There are several reasons, but three main ones come to mind: First, lots of people say our society’s going downwards. But I think our business world is definitely going upwards, at least in terms of developing conscientiousness related to social impact. You can’t find a big-name company that does not have a corporate social responsibility practice. That’s a big change.

Second, we’re moving to a place where blended values—mixing profit and social good—are becoming more and more common. People are looking for meaning in their life and in their work. 

Third, our society has a lot of unfulfilled gaps related to social issues. People are aging and we have higher demands related to our quality of life. That’s when social impact investing can try to take off some of the pressure. 

Related to that point: You’ve also looked at social impact bonds (SIBs), in which investor groups raise money and fund agencies and non-profits to provide new types of social services on behalf of governments. At first glance, this seems to be privatizing what should be a public responsibility. Is it really? 

No, I don’t think so. SIBs are complicated, but I think of them as a way for investor groups to fund a pilot project for the government. These tend to be intervention or preventative services, like initiatives meant to prevent people from committing crimes or entering the foster-care system. 

The investor group can fund a project, and if the agency providing services hits an established target—say, 22 out of 30-ish at-risk children in a preventative program stay with their mothers, as was the case with the Sweet Dreams initiative in Saskatchewan, the first SIB in Canada—the government will reimburse basically all the money that the private investor put forward, plus, usually, a percentage return. But if they don’t hit the target, that means the project doesn’t work—the pilot failed. The investor may be out of its money, but the government is not. In fact, it has just saved a lot more money by not implementing a program that doesn’t work broadly.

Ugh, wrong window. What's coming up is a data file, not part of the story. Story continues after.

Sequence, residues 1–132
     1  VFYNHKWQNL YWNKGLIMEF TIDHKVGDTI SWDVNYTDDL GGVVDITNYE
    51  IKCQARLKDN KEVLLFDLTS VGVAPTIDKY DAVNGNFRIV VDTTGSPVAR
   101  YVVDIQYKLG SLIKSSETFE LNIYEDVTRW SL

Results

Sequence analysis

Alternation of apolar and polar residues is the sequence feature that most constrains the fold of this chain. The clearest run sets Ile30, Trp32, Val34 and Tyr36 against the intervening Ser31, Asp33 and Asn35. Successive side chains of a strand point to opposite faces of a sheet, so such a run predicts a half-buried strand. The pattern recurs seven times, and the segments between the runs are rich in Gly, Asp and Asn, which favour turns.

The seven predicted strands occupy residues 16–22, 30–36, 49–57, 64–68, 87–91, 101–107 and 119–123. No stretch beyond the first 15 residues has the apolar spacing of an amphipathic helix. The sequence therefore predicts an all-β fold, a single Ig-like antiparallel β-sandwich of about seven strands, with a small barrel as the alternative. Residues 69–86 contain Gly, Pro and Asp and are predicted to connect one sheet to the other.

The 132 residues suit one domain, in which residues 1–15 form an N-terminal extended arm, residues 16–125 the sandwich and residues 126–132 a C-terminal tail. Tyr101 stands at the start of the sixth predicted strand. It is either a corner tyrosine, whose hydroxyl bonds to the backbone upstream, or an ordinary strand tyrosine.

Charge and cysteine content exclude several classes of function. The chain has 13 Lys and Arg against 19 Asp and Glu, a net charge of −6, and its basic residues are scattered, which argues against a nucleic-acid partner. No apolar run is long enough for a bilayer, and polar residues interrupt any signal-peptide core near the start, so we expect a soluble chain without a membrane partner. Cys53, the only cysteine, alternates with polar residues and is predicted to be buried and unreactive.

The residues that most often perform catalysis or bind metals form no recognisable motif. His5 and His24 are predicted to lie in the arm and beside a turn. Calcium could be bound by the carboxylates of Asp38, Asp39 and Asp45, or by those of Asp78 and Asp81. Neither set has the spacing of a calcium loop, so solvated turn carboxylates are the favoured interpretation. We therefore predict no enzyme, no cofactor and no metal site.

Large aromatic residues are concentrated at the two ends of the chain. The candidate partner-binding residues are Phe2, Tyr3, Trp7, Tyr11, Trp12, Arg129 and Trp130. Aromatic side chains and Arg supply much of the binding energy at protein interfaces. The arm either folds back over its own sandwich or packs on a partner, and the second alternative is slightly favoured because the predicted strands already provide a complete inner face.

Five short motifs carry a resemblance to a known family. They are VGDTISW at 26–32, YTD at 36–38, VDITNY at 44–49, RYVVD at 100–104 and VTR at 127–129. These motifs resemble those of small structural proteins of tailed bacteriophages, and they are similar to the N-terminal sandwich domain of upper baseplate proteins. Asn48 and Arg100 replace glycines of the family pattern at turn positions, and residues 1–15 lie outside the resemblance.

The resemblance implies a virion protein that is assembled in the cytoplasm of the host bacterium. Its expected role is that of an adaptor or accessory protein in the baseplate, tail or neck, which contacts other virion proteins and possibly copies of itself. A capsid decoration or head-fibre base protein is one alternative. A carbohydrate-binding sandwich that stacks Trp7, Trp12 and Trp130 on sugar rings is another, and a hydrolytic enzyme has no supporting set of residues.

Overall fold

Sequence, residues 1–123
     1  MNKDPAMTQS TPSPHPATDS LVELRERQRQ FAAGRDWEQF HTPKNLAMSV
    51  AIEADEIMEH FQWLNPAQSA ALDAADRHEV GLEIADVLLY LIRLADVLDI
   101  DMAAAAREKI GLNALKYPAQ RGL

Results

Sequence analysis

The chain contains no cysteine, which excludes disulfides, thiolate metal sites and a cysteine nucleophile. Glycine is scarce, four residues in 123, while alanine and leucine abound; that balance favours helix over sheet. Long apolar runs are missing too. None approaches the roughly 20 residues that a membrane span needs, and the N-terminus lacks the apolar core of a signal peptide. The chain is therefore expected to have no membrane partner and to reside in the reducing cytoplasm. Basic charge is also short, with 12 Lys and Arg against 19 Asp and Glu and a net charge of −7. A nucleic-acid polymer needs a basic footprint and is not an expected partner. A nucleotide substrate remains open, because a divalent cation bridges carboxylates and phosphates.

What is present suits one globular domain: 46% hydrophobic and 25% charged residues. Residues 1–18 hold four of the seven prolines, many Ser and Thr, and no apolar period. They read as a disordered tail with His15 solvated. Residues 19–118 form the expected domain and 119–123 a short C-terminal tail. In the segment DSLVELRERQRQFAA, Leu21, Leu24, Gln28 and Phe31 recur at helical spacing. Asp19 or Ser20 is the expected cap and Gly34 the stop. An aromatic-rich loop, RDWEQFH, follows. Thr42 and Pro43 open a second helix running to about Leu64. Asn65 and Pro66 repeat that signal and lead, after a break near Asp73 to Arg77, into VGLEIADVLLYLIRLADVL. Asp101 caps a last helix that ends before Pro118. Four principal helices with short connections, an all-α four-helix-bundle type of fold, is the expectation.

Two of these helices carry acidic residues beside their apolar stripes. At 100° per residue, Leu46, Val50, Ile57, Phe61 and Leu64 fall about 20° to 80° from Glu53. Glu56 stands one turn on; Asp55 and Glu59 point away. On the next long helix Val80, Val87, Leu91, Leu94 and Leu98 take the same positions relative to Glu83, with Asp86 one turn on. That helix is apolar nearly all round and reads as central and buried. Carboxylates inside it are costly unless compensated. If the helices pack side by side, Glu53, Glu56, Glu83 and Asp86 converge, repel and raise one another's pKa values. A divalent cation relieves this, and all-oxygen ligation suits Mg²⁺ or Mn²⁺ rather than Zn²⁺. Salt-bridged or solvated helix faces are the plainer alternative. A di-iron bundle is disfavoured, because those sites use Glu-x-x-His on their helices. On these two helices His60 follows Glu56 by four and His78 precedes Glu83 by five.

So the SIB is not filling a gap in the social safety net with private interests, so much as it is giving governments a chance to lessen their risk around new approaches to delivering social services, and, if successful, to lower participation in—and costs related to—systems like foster care and justice. 

Got it. Finally: Let’s pretend I’m a hard-nosed Milton Friedman devotee who believes the purpose of business is to make money, and nothing else. What’s your pitch to make me care about social impact investing? 

Here’s what I’d say: What’s the purpose of your life? What’s the purpose of your business? Is it really just about wanting more money? Isn’t that getting boring? 

A lot of people get into social impact investing because they’re looking for meaning. And it doesn’t have to be hard. There are lots of ways you can make a social impact without you lifting a finger. All you need to do is put the money with somebody who will do the work for you. 

Think about what you care about the most in this world. Think of the social impact your investments could make towards that. You may be able to do a lot more with social impact investing than with traditional philanthropy. So I’d say: Think cautiously, think carefully, but really think about it.